From GDPR to Ransomware and more
f you have been following our twitter or facebook posts, you will know that recently some of our team went to London. The reason? IPExpo. We were excited to go check out the various security booths and information on offer. This includes the latest information on ransomware, network security practices and more!
But what is IPExpo? Well, it’s a fantastic convention held in both London and Manchester throughout the year. With 6 events under its roof including Cyber Security Europe, Data Centre Europe, Data Analytics Europe and more, it’s a great place for people like us to go visit and gather the latest information. You can usually find the latest technology in their respective fields and also it’s host to fantastic training sessions and educational conferences.
Thankfully, our team members who went there have provided a report of their findings and the experience. We’re always eager to expand our knowledge on these topics and so this should be well worth the read. The following will be the experience portrayed by both individuals, sharing their thoughts on the adventure. So, let’s see what they have to report.
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The Journey and Experience. From Ray Blowby
At Canning Town my colleague and I changed to the Docklands Light Rail for the final stint of the journey. As I sat quietly in the packed carriage I listened to the conversation around me.
“The issue with the client machines is that they aren’t fit for the workload”
“…need to redesign for the new DevOps model, the siloed teams are being moved”
“The scale that the Azure platform allows has put so many more options on the table”
“The accounts department is so much more mobile now…”
We were on the right train.
As we disembarked amongst a horde of suits and beards we shuffled toward the towering entrance of the Excel building.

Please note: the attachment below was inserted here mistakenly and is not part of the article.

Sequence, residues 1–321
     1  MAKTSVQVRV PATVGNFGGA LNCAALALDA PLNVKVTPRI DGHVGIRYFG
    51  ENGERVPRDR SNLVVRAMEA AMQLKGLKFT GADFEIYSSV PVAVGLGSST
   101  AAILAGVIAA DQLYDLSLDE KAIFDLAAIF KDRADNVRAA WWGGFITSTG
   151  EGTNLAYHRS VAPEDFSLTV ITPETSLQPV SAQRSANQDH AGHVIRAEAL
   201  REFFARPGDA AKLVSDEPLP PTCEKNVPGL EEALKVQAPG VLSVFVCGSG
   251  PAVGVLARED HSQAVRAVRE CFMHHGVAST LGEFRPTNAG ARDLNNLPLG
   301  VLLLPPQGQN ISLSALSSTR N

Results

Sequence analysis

This monolithic building stretched onwards as far as the eye could see. And the long walk to our conference hall began, taking us past two aerospace conference halls entertaining thousands of people – all tagged with lanyards and ID. Expensive food concessions lined the main concourse and I took a mental note of the noodle joint which smelled divine.
Inside the event
Ahead was the IP Expo. A conference given over to big and small names in IT who were keen to shout about the latest trends and IT innovations.
Passing the security cordon I sensed the heady notes of freshly made coffee and made a bee-line for the Veeam stall which sported a rather fancy coffee machine and a professional barista.
Soon we were being approached by the various sales people, eager to score new business. Profuse with hyperbole we learned how this and that product would “change the landscape of IT”. It was soon clear that these pitches followed a similar fashion – First the ‘intro’ a quick and often clumsy set of questions designed to hone in on what target market the delegate represents. Then the ‘angle’, get in with the pitch. How *this* product is the best. Next up the ‘bribe’, cheap tat covered with corporate logos and led lights that would be exchanged for a ‘scan’ of the ID tag – Thus ensuring future contact and mass marketing emails.
Despite my cynical view of the process it was really a lot of fun. We got to engage with various interesting developers, entrepreneurs and inventors who were genuinely proud of the products they had built.
There was a large focus on security and some of the ideas such as cloud-based security gateways which reverse proxied your entire WAN throughput were particularly interesting. I saw a live demonstration of the ease of SQL injection techniques using a prevalent open-source tool. Each demo linked back to the USP of a specific product.
GDPR and more
There was a focus on the new GDPR laws that are coming in May 2018 and some speakers had seminars on ways that firms can change their IT strategy to deal with these new regulations. These were particularly interesting and I would recommend that anyone unsure of how GDPR is going to affect their business to give us a call. The focus for the next few months must be on enhancing the security of data storage and associated systems, an area we can certainly help in.
The Alcobot returns
Finishing up the day I stumbled across a robotic bartender put on by the wizards at Kaspersky Labs. In short order it fixed up a rum and coke. These things would do away with queues at bars. Bring them on I say!
As the day drew to a close and the event shut its doors, I can happily the event was an experience to remember. A lot of valuable information was acquired from the event. Aside from the slightly uncomfortable journey to the scene, a great time all round!
A new experience and adventure. By Alex